How Websites Work?Web Pages
Everything on the World Wide Web is based around web pages. A web page is a single document, similar to a word-processor document, which displays text, graphics and other active elements. You are viewing a web page at the moment called "how-websites-work-web-pages-everything.html" - if you look in the address bar of your browser, you will see the name of this page and it's location on the internet:
Web pages are formatted in a computer language called HTML (Hypertext Mark Up Language). In order to view a web page, you must use a software application which is able to "decode" HTML, and display the page properly. The most common application for this purpose is a web browser (such as Internet Explorer or Netscape Navigator), although you could also use any text editing application which supports HTML (such as Microsoft Word 6+).
To make a web page, you must format it according to the HTML standard (actually there are other formats which you can use, but we'll stick to HTML for now).
A website is typically a collection of web pages, graphics, and other elements which are linked together to form a larger, structured document (like an interactive book). A website could be a single page or it could be made from thousands of pages. All pages and other elements are placed in a folder on a host server. An internet address (known as a Uniform Resource Location, or URL) is assigned to this folder, so that when a browser asks for your site it will know where to look.
When you visit a website, you usually start at the site's home page, from where you can navigate the rest of the site. Hyperlinks allow you to move between pages - a hyperlink is simply an instruction to open a new web page.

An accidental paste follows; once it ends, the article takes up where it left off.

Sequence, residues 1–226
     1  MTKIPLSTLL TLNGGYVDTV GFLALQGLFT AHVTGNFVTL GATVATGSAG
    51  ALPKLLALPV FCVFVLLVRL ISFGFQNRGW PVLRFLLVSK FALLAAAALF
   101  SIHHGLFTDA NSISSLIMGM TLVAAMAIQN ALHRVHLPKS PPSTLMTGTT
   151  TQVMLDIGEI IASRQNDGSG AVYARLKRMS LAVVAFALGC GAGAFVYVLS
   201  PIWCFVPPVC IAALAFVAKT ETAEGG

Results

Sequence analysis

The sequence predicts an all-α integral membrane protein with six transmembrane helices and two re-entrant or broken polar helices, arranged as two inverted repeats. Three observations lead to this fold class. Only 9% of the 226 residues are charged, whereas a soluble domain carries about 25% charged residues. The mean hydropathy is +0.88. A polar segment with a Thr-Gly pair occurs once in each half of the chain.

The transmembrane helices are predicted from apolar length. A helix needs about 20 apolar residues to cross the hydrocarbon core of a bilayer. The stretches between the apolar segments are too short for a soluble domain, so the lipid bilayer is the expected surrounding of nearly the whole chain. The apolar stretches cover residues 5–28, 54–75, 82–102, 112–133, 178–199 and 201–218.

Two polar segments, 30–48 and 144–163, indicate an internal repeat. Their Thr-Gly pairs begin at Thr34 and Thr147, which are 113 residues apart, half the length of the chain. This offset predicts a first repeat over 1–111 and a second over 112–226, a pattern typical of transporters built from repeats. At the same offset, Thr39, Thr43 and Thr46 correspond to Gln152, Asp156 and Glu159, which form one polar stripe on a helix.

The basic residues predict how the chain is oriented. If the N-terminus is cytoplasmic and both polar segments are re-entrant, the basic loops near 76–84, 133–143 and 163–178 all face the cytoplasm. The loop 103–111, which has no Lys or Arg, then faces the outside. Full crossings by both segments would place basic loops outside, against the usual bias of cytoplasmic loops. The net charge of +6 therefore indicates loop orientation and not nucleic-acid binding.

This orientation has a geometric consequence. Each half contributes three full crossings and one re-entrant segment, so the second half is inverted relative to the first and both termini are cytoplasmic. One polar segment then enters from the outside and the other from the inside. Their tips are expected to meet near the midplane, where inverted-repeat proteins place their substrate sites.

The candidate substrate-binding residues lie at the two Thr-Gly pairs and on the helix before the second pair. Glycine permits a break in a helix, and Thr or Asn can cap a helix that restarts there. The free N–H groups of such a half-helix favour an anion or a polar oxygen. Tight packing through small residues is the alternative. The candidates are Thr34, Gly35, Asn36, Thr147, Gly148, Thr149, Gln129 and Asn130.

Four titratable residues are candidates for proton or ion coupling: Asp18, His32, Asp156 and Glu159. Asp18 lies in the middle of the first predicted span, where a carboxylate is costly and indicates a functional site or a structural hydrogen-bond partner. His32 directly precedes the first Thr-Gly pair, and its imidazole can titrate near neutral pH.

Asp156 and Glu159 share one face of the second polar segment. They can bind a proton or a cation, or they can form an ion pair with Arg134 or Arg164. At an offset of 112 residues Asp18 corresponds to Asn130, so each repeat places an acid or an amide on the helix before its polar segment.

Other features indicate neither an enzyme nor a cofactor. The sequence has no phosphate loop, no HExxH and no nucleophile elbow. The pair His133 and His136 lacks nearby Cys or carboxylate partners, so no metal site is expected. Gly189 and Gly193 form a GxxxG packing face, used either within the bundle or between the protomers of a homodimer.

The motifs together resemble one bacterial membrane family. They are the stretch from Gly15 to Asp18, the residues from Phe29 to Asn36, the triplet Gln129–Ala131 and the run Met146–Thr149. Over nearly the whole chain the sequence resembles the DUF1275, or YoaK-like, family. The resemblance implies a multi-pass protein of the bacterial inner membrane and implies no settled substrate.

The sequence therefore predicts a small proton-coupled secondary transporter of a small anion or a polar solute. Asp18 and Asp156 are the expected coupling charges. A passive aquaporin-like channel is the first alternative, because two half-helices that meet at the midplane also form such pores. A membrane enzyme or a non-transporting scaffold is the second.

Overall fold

The window below shows the basic structure of a medium-sized personal web site. The main folder "dave" houses the entire site and has been assigned the URL "www.dave.co.nz". If you type this URL into your browser's address bar, your dial-up server will send a request to the server which hosts this site (in this case it's a server in Auckland, New Zealand). On receiving your request, the host server will open this folder and look for a default home page. It will find one called "index.html", so it sends this page to your dial-up server which forwards it to you. The next thing you know, you're looking at the homepage of www.dave.co.nz.
When you're starting out (especially if you have a small site) it may be easier to keep all your files in the same folder. This is because hyperlinks become more complicated when you use multiple folders.
Creating and Publishing a Web Site
Assuming that you already have a computer and a modem, there are three more things which you will need. The rest of this tutorial will cover each of these topics in more detail:
(1) Authoring Software.
You need software to create the site. This can be anything from a simple text editor to a professional web site design package.
(2) A Host Server
You need a place on the internet to store your site.
(3) File Transfer Software
You need software to "upload" the site. This means transferring the site from your computer to the host server.